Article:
SAN FRANCISCO — Who and what is a journalist in the age of social media, sponsored content and sagging newspaper circulation?
The American Press Institute set out to answer that question — and many others geared toward taking the profession’s pulse =- in a survey of nearly 10,500 alumni of the nation’s leading journalism and communications programs.
The survey released Thursday, Aug. 6, found that while just 41 percent of the respondents with journalism degrees are employed by news organizations, sizeable minorities in other fields still look at themselves as practicing journalists.
For example, more than a third of the graduates who described themselves as entrepreneurs and a fifth of those in technology said they are creating content, engaging audiences, editing and doing other work they consider journalism or contributing to the Fourth Estate.
An additional 17 percent that have put their training in journalism, marketing, public relations or mass communications to use at commercial companies felt the same way, as did the 19 percent engaged in politics.
American Press Institute Executive Director Tom Rosenstiel said the “Facing Change” survey conducted in collaboration with 22 journalism and communications schools is believed to be the largest ever conducted of people who majored in media in college and the first to seek journalists’ thoughts on their profession in at least a decade.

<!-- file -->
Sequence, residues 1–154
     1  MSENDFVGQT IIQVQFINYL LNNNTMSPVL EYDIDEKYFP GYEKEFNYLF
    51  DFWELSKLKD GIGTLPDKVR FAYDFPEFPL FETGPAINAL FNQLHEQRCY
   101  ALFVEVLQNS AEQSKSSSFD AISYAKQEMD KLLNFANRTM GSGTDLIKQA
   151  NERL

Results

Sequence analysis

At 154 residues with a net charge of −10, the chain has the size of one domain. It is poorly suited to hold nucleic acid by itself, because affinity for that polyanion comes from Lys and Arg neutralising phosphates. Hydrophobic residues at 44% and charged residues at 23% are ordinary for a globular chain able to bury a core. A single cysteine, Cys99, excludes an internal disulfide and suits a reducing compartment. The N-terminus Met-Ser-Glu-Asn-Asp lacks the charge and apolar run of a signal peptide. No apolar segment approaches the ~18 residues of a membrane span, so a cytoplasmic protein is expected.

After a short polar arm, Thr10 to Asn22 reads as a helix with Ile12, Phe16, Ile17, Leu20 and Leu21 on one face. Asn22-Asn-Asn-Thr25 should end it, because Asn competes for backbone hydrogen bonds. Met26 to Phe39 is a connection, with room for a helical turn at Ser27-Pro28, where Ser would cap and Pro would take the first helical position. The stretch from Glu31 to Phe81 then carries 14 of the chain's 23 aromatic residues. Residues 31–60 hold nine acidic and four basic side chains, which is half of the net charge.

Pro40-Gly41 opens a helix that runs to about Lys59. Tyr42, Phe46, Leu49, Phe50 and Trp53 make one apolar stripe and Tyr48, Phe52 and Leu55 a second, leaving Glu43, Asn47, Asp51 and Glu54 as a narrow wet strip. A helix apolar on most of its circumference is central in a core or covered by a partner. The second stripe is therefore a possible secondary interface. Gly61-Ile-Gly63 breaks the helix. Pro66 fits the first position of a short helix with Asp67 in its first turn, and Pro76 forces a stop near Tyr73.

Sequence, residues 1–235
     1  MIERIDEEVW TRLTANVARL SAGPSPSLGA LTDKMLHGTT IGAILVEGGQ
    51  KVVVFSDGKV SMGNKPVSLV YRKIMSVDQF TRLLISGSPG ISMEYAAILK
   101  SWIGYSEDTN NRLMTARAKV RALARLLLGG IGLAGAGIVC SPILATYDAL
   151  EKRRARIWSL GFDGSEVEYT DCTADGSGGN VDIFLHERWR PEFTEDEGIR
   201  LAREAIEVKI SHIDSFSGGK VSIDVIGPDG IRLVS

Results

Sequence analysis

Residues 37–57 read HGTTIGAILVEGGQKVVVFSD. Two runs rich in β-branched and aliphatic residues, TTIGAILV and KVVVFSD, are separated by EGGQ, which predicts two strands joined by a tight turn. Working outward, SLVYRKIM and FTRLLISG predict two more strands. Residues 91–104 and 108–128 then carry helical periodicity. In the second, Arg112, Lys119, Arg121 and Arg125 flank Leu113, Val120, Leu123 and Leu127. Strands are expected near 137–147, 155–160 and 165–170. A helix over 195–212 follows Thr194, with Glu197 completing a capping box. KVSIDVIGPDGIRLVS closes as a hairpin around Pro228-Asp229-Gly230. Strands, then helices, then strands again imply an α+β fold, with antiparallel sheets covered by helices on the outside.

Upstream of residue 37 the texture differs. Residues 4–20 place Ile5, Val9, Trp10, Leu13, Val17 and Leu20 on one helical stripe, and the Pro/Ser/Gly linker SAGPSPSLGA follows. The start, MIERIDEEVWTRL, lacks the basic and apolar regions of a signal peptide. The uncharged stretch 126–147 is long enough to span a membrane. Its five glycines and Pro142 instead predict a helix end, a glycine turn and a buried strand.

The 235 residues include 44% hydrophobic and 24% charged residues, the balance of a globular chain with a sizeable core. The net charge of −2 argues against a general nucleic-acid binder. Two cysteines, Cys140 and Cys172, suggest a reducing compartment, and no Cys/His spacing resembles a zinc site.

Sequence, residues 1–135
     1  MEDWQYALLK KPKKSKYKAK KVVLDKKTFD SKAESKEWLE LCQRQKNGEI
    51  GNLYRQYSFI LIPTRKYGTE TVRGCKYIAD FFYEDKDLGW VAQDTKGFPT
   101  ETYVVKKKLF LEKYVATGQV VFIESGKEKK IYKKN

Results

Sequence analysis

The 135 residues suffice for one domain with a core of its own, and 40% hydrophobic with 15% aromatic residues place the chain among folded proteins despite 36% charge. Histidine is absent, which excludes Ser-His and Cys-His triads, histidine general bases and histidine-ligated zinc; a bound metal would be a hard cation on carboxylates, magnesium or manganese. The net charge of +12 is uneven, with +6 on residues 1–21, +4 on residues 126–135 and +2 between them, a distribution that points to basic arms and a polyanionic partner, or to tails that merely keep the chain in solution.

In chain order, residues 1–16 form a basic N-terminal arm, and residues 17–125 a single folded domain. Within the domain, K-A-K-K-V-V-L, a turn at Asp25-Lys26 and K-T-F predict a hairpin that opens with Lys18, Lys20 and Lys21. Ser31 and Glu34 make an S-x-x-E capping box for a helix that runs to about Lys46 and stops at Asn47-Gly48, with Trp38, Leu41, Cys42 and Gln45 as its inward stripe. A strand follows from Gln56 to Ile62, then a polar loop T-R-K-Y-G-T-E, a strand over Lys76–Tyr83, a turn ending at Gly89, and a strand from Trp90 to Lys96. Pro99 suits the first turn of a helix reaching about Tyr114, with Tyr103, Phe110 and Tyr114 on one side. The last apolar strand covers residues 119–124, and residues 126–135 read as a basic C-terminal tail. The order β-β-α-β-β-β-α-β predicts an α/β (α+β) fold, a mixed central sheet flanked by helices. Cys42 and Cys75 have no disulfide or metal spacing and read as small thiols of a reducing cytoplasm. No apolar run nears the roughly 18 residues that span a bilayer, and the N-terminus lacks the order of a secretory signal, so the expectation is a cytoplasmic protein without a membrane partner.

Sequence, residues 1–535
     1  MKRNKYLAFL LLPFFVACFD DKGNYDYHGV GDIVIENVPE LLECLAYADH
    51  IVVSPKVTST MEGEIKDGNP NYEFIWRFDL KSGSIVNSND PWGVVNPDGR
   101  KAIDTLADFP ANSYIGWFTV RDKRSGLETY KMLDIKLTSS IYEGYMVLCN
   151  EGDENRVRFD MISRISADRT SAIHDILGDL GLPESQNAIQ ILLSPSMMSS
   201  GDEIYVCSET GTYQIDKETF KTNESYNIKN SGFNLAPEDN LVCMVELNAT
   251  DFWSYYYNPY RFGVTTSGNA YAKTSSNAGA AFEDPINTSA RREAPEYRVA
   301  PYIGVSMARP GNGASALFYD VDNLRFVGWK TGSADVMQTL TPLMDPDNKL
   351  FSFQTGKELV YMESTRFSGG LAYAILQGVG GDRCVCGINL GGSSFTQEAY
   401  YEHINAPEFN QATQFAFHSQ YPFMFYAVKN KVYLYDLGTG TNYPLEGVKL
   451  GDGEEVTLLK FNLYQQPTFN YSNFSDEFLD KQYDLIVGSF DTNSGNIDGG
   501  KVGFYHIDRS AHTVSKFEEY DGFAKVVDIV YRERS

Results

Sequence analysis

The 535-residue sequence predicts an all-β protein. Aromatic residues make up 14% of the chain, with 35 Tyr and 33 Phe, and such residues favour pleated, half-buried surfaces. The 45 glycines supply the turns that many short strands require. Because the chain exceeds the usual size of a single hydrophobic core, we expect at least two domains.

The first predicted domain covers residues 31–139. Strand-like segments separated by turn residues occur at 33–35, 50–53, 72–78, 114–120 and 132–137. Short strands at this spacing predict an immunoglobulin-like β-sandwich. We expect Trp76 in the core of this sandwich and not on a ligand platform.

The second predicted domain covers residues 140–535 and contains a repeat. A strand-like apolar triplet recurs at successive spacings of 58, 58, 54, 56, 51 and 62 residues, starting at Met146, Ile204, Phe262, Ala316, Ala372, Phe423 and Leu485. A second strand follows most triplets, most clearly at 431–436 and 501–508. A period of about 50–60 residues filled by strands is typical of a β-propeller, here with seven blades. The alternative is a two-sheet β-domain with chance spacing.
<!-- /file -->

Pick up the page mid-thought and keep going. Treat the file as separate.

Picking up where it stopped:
“No one had surveyed people in journalism in quite some time, and one reason is it’s hard to know who these journalists are anymore,” Rosenstiel said. “You can’t just go to TV stations and newspapers and say ‘OK, we are interviewing journalists,’ because you would be missing a lot of people that way.”
That many journalism school graduates employed outside traditional news outlets regard the work they produce as journalism did not entirely surprise Rick Edmonds, the media business analyst for The Poynter Institute, a professional training organization for journalists.
“Back in the old days, any metro paper had six or seven people on the science desk, and there were a lot of science magazines. A lot fewer people do that kind of work now, are pure science journalists,” Edmonds said. “But universities, drug companies and hospitals are employing a whole lot of people, and it’s not totally unbiased. But they are writing about scientific discoveries and doing a whole set of things that really transfer the journalism function from the independent outlets to various institutions and organizations.”
The online survey’s respondents were more or less equally grouped among alumni who had graduated within the last 10 years and within previous decades going back to 1980 or earlier.
Recent graduates were more confident than older alumni that the quality of their own work had improved in the last five years. Regardless of their age or place of employment, though, a majority of the respondents said they think journalism has generally gotten worse during that time.
The survey results were presented in San Francisco on Thursday at the annual meeting of the Association for Education in Journalism and Mass Communication, a professional organization for journalism professors and teachers.